Fisherfolk begin to gather data on tainha fishing – on their own | Oceana

Fisherfolk begin to gather data on tainha fishing – on their own

Associations and fishing unions are beginning to organize to show the federal government that – yes – it is possible to monitor tainha landings



Press Release Date

Sunday, June 11, 2017
Location: Brasília
Contact: Beatriz Ribeiro

Small- and large-scale fishing associations and unions in the Brazilian state of Santa Catarina have decided to collect data on their landings in the tainha (local name for mullet) fishing season voluntarily. They are building a database fed through a computer app that stores information on catches, types of fishing gear, as well as place and date of landings. Oceana provides technical support to that effort and assists fisherfolk in organizing their monitoring processes. It also follows all stages during the process of entering and analyzing data. Since June 9, total catches have been published in real time on the “Tainhometer”, a digital panel showing real-time production of tainha in the state in the 2017 season, at www.tainhometro.com.br. So far, over 600 tons of tainha landed on the coast of Santa Catarina have been recorded by the following organizations: Santa Catarina Coastal Fishers Association (APPAECSC), Fishers Federation of Santa Catarina State (FEPESC), Industrial Fishing Union of Itajaí (SINDIPI) and Pastoral Council of Fishers (CPP).

The initiative to voluntarily monitor the tainha season has three main goals. First, to show the government that it is possible to know the amount of tainha caught in real time; second, to collect information to ensure updated studies and the adjustments necessary for scientific and high-quality management of that fishery. Finally, to empower fishermen who will be able, for the first time, to show the socioeconomic importance of the activity and demand the necessary public policies for the development of fishing – which is an economic activity and needs to be treated as such. The lack of serious government policy for data monitoring and analysis as well as fisheries control can no longer serve as an excuse for not adopting measures that are already successfully used in several parts of the world.

“Voluntary monitoring of fishing is an innovative and exciting initiative”, says Oceana director-general Mônica Peres. “I think we have finally understood that it is no use just complaining and we have shown that it is possible to monitor and control tainha landings during fishing season. This proves that organized society can take the lead in a process that will demand modern and effective management measures. We want stock assessments and catch limits, integrated with management plans that are widely discussed with society. There is no more room for guesswork and authoritarianism”, she adds.

“Without the information that comes directly from sea to land, the government won’t be able to plan fishing, and since they don’t monitor it, we’ll do it ourselves”, explains Aguinaldo dos Santos, coordinator of Sindipi’s Purse Seine Sector Chamber.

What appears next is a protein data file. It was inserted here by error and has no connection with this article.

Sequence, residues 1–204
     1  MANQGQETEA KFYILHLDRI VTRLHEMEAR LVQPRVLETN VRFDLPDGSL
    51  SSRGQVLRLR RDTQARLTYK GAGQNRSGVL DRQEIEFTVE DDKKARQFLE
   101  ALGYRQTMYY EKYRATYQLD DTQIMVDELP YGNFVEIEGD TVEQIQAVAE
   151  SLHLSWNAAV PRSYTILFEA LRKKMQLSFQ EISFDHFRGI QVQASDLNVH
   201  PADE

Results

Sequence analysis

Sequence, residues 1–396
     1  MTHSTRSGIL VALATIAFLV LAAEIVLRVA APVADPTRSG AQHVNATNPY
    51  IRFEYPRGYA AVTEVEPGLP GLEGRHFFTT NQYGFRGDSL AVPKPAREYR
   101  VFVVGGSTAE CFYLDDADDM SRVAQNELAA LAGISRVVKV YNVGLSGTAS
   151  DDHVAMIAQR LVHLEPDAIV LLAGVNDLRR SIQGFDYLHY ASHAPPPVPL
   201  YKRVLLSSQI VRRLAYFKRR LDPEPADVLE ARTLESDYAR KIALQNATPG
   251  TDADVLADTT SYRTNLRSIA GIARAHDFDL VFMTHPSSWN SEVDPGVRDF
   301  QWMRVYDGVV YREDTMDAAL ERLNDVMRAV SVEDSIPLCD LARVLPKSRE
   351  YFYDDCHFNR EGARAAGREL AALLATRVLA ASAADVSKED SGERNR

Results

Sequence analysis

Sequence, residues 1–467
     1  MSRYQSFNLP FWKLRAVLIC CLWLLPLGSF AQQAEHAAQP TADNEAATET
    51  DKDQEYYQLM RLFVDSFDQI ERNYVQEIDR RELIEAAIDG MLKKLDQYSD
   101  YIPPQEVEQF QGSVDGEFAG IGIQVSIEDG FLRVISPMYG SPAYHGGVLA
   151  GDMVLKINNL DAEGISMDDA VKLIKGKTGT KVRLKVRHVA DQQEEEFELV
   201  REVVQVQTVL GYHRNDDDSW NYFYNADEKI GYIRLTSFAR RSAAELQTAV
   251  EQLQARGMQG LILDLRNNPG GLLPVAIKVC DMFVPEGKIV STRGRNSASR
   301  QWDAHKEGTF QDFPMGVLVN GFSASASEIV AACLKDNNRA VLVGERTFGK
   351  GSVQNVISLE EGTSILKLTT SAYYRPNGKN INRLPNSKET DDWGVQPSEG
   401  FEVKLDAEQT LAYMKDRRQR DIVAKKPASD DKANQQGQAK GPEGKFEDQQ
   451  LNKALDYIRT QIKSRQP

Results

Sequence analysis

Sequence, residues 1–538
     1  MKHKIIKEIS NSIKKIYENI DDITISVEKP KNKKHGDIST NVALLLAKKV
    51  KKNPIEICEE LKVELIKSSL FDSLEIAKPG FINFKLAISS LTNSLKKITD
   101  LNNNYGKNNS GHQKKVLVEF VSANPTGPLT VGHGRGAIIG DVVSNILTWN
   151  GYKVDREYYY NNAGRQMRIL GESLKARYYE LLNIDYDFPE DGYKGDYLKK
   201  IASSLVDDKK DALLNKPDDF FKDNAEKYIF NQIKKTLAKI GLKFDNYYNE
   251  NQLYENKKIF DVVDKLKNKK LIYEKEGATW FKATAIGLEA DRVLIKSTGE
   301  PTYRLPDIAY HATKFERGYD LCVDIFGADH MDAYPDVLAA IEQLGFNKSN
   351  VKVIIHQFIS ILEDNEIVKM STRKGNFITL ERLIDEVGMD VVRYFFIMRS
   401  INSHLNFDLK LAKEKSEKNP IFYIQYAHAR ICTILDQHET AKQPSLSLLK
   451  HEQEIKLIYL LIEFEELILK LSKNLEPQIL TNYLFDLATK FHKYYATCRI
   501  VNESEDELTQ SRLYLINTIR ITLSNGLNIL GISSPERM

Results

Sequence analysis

Ricardo João Rego, president of APPAECSC, explains that it is interesting to combine research and actual fishing as shown in the joint information survey. “We are joining forces to do what we were already doing separately, towards the common goal of pursuing a fisheries policy that really knows the reality of the sea, because the policy we have today is not based on what happens in fisherfolk’s daily lives”, he says.

FEPESC president Ivo da Silva also points out that the survey shows not only the amounts caught; the databases are also collecting data on types of fishing, which is very important for further studies on catching practices for tainha and other species. “If we can do it with tainha, we can do it with the other species we catch”, he says.

Tainha fishing

Tainha (Mugil liza) fishing has huge socioeconomic and cultural importance in southern Brazil. It provides jobs, income and food security for thousands of families and produces high-quality protein for the population. However, in recent years the number of tainhas caught in high-yield seasons – such as 2007 – was higher than their ability for biological recovery and therefore the stock is overfished. This means that the biomass – the amount – of tainha at sea is lower than the level that could generate the best yields for fishing. Failure to take the necessary measures to reverse this overfishing will allow increasing environmental, economic and social damages.

The government has been trying to solve the problem through a set of measures that include restrictions on fishing gear, areas, times and a progressive reduction in the number of vessels holding fishing permits. Reducing the number of vessels without any technical rationale or proper planning has caused socioeconomic losses, besides being quite questionable from the point of view of conservation and management of that stock.

A recent study by Oceana proposes an alternative solution for reducing the number of vessels: an annual catch limit or “quota” of 4,300 tons for each tainha fishing season. The quota is one of the most common management measures in countries known for good fishery management and is certainly the most efficient and socially fair way to avoid overfishing of resources exploited in single-species fisheries. However, the proposal has faced resistance from Federal Government officials who argue that real-time monitoring and control of the number of tainhas captured would not be possible.